"Some things came back bigger and better," said Johnson, who has spent all but four of her 48 years in Pierce City, where the population is down just 128 from a decade ago. "It's never going to be the way it was as far as physical attributes, and we lost the historical charm as far as downtown. But we're back."
So is Stockton, eight years after the lakeside town was brought to its knees by the tornado that killed three people, nearly destroyed the town square and knocked out one-third of its 120 businesses. Hundreds of homes were damaged or destroyed, and the park was obliterated.
Residents wanted to start rebuilding immediately, Mayor Patty Thompson recalls. But the City Council barred new construction for a few months, allowing for cool reflection about how the resurrected town should look.
Now, Thompson said, Stockton has a "whole new downtown," its buildings fashioned of dark brick. The community center, about the only thing salvaged from the tornado, has been rehabbed. Trees have been replanted. Residents appear to like it. The population of 1,819 is down just 141 from 2000.
"I'm really proud of how this community pulled together and went forward," said Thompson, 65, a waitress at a Mexican restaurant. "A lot of people could have just moved away and said forget it. But we've just got a beautiful little city."
Scars remain: Some sidewalks buckled by the tornado still need replacing. Replanted trees in the park can only grow so fast, and saplings are being planted in the once-devastated cemetery.
Still, she said, "In eight years, you can say, 'Look at how far we've come. We can overcome.'"
Both cities had big-time help. The federal government extended a rare offer to assist with long-term recovery, offering a package that included developing a plan for rebuilding, as well as appointing a project manager to seek out private and government assistance. The Federal Emergency Management Agency eventually doled out millions of dollars in grants to both communities.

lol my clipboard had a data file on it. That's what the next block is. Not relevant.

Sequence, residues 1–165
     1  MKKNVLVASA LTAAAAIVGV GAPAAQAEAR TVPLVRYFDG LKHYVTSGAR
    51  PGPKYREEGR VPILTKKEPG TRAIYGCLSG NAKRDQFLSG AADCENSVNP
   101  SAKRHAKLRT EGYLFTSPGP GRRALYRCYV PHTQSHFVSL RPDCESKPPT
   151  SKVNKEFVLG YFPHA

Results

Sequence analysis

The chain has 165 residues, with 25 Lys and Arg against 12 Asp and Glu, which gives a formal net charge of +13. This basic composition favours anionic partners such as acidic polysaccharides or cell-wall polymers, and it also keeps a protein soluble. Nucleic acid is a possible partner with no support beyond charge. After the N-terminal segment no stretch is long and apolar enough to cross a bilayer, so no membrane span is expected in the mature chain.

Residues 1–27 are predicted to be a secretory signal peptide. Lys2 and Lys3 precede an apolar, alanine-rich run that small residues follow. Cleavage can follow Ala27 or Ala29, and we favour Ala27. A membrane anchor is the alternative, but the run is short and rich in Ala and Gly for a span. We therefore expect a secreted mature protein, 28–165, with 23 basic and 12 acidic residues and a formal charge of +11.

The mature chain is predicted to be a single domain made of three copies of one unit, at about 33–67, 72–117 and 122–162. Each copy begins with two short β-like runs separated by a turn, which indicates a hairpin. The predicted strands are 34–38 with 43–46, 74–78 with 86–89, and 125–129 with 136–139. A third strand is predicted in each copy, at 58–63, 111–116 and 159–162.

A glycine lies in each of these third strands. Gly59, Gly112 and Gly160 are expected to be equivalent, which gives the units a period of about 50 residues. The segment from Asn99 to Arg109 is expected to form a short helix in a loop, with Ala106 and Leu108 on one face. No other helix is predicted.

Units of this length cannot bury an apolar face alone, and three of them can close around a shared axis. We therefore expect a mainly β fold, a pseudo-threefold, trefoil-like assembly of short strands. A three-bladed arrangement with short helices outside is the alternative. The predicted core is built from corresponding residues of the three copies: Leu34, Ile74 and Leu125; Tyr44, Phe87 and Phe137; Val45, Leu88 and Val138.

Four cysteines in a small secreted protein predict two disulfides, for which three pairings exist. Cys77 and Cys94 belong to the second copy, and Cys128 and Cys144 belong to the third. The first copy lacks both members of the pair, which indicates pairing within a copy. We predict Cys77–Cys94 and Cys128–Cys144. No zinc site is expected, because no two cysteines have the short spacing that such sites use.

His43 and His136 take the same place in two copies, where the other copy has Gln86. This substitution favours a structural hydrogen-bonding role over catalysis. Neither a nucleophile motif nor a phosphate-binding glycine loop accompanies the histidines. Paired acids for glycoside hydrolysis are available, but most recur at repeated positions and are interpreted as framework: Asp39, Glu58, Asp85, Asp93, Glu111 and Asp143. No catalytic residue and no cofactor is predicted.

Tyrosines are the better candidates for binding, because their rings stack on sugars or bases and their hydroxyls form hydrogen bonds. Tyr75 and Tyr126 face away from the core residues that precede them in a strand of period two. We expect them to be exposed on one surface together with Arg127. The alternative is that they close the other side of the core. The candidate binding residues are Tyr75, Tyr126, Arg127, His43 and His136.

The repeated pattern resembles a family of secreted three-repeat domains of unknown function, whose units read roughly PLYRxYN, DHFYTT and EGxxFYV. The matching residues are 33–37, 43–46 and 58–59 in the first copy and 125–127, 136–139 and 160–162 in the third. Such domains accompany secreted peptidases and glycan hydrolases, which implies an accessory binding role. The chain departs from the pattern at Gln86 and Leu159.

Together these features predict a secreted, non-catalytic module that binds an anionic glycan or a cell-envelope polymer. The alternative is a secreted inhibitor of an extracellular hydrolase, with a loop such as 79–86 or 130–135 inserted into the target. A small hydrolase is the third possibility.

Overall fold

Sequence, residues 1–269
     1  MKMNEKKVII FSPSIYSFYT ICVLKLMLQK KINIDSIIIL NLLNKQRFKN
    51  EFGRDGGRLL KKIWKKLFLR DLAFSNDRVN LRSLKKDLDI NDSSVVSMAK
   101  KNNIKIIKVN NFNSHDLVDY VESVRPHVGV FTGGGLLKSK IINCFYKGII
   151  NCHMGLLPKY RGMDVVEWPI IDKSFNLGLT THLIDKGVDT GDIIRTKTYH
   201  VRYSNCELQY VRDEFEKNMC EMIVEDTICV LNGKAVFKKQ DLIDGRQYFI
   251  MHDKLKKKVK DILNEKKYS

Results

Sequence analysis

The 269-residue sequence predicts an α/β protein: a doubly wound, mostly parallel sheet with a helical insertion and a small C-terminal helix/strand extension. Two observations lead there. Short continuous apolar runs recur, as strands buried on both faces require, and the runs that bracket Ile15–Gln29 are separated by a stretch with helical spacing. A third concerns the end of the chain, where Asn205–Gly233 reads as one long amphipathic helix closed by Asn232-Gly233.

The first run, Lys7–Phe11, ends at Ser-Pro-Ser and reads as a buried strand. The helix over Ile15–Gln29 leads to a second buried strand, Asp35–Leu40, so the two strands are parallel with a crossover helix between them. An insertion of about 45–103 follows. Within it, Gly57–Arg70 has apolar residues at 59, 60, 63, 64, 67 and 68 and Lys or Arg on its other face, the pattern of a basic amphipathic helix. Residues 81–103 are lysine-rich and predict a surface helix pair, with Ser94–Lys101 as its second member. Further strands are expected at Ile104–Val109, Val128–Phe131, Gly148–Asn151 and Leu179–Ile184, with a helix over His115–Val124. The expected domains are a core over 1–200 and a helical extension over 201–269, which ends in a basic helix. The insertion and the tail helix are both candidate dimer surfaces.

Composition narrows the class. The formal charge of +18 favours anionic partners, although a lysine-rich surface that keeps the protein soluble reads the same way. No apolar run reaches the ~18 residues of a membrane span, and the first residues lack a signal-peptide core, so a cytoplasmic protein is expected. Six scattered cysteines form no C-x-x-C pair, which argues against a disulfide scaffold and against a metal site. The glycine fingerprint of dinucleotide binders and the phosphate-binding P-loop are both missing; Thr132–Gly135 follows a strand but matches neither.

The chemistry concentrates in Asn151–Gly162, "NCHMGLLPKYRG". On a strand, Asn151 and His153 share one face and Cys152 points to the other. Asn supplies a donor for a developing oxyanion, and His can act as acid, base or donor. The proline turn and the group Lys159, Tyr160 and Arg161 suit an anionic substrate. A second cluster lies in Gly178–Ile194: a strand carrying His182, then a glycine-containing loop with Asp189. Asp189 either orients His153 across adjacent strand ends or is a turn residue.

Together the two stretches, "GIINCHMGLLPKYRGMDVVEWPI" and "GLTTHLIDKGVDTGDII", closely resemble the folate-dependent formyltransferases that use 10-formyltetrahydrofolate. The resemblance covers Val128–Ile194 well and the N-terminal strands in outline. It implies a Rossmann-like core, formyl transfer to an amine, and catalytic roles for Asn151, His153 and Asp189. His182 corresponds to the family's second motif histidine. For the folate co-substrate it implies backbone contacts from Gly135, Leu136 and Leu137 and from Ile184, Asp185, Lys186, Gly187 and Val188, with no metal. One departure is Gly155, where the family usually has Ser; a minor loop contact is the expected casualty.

In southern Kansas, Greensburg was a town of about 1,500 with a declining population before a tornado roared through in May 2007, destroying 90 percent of the town in winds topping 200 mph.
At the time, Steve Hewitt was a 33-year-old, first-time city manager on the job for only a year. He said the town approached rebuilding as an opportunity and, like Stockton, took some time to think about it.
Greensburg brought in planning consultants from a big city, held community meetings, reworked some zoning ordinances and literally shuffled the town. The school was rebuilt at a different site. City Hall was rebuilt on land that once was a car dealership, which relocated to a higher-traffic spot. And Greensburg rose up as a model green community — more environmentally friendly than it ever had been, including a $50 million school with geothermal systems that rely on the Earth's heat for warmth in the winter and cooling in the summer.
Even so, the recovery is far from total. According to the 2010 census, Greenburg's population of nearly 800 is barely half of what it was a decade ago, as is the number of businesses. Yet to be rebuilt are the town's pharmacy, variety store and movie theater.
"We're seeing a gradual growth, but it comes down to jobs and employment. Economic development is highly important and critical to our situation," said Mayor Bob Dixson, a 57-year-old retired postal worker. "The tax base was gone. The businesses were gone. Schools were gone."
Hewitt, who left Greensburg a few months ago to become the city manager of Clinton, Okla., knows Joplin can follow a similar path to get back on its feet.
"The next weeks and months (in Joplin) will be very dark and grim," Hewitt said. "But in that tragedy, there will be some unique bright spots because you start to see the future develop. You'll see a sense of community unlike they've probably ever witnessed."
Stockton's Thompson agrees.
"It'd be easy to just give up," she said. "But a lot of people who have lost loved ones still have a lot of loved ones left. The community can pull together and rise from the rubble. They can do it. We did."